The Blackberry phone went from controlling 50 percent of the US Smartphone market share, 20 percent of the global market, and selling over 50 million devices a year to zero percent in a few short years. What went wrong?
In the 1990s, bandwidth was very limited for data transmission. Mike Lazaridis, the founder of RIM, the company that made the Blackberry, leveraged his understanding of this limitation to build the Blackberry. With this innovation, Blackberry was able to do what other mobile phone companies could achieve. However, this knowledge would later turn out to the companies disadvantage. When Steve Jobs announced the iPhone in 2007 – a mini-computer, a web browser, and an email all in one device, Blackberry founder looked at the announcement and said, “this is an impossibility; the networks wouldn’t be able to carry this. It’s illogical that anyone would even propose this”.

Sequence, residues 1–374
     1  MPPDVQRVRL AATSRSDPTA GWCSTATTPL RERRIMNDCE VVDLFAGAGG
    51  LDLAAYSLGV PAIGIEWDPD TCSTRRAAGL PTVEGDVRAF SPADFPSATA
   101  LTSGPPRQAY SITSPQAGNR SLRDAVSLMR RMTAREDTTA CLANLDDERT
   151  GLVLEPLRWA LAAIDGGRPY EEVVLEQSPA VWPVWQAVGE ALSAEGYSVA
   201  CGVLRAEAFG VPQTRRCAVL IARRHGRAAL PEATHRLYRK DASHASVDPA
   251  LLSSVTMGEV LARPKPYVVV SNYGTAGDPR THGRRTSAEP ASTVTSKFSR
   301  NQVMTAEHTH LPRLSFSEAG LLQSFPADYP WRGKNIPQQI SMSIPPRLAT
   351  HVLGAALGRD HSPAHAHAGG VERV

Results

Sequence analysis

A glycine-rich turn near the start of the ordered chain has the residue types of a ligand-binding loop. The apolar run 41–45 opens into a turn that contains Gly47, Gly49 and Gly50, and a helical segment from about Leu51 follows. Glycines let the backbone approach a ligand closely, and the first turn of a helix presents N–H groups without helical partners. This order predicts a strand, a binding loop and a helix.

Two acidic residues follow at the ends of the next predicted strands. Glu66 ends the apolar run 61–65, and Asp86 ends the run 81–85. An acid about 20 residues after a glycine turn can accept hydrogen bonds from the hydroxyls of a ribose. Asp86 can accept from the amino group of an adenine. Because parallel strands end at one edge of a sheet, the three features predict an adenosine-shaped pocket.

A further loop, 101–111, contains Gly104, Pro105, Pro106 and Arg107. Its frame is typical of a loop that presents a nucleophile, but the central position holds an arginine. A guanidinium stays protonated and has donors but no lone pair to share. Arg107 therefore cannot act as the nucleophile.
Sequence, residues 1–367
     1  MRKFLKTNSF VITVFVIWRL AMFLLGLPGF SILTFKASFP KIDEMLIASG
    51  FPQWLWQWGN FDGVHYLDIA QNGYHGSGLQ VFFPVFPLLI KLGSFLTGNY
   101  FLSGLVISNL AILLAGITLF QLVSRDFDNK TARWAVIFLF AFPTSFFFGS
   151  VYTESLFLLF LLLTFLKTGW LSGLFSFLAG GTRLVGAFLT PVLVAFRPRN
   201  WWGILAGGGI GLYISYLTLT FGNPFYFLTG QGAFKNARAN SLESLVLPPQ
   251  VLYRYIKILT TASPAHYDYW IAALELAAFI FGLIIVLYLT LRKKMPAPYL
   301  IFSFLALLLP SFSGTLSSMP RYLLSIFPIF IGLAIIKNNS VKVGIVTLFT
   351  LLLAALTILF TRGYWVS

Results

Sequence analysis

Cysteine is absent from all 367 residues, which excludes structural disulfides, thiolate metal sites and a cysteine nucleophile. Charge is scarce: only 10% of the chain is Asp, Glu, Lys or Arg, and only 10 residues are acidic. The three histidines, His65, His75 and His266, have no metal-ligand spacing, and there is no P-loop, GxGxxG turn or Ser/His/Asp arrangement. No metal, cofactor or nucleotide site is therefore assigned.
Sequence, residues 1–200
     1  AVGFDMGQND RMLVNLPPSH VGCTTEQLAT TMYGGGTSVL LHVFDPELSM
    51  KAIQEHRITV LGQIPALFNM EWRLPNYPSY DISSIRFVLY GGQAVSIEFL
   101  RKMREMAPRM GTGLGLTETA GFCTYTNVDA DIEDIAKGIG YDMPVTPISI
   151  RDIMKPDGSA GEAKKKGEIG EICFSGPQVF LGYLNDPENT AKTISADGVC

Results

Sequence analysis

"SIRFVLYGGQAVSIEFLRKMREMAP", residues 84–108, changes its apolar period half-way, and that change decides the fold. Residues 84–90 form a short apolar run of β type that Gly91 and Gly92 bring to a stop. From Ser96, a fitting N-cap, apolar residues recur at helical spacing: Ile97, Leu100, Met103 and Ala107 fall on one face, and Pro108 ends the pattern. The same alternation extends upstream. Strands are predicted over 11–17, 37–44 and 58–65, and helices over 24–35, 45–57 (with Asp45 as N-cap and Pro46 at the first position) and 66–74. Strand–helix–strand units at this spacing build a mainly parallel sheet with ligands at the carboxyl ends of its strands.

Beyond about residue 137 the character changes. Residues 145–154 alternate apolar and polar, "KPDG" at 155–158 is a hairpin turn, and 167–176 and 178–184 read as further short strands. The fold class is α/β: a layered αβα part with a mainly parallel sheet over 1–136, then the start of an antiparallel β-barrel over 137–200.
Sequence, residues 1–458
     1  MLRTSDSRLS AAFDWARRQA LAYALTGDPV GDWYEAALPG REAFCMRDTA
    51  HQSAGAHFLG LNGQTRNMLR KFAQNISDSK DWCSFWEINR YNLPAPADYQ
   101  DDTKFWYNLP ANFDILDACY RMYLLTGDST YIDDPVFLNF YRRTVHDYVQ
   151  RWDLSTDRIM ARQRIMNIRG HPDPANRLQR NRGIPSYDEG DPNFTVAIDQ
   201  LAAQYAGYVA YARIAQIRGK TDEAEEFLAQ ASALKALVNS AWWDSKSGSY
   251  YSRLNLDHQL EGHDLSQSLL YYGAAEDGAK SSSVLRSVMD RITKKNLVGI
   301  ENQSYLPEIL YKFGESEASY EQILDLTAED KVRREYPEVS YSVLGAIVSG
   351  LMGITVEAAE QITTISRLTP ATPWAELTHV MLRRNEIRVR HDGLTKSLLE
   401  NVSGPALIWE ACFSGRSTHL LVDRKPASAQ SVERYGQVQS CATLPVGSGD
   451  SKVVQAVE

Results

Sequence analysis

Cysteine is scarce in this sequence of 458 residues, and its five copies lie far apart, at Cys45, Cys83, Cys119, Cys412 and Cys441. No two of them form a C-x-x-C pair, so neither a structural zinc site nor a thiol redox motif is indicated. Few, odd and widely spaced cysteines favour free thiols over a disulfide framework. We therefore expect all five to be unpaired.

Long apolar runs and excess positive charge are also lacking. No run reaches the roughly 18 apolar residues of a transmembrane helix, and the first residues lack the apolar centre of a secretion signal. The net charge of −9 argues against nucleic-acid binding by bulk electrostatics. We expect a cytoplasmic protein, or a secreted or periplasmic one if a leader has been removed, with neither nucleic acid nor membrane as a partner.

Well, Mike was right. The first iPhone didn’t work properly and caused a lot of dissatisfaction from customers. However, with further innovation, the iPhone got better. And Mike became very wrong. Before Blackberry creators would understand what was going on, they were now playing catch up to the Apple and Android phones.
The company’s leadership was too arrogant to view the iPhone as a competitor. They underestimated the innovation that was going on in the phone industry and was too slow to change. The result was the fall of a giant.
You will find a similar scenario with what happened between MySpace and Facebook; Kodak and digital Cameras. So what does all this have to do with why 8 out of 10 businesses fail?
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The problem isn’t the business
I have to admit that there are many factors that contribute to why businesses fail; like unfavorable market conditions, difficulty of doing business and other external causes that may not be within the control of the business owners. However, the number one reason why majority of businesses fail is the business owner.
Most people think of themselves as one single predictable personality. We fell for the personality tests and believed we are a certain way and cannot be anyone else but who nature made us to be. However, every human being has a combination of personalities.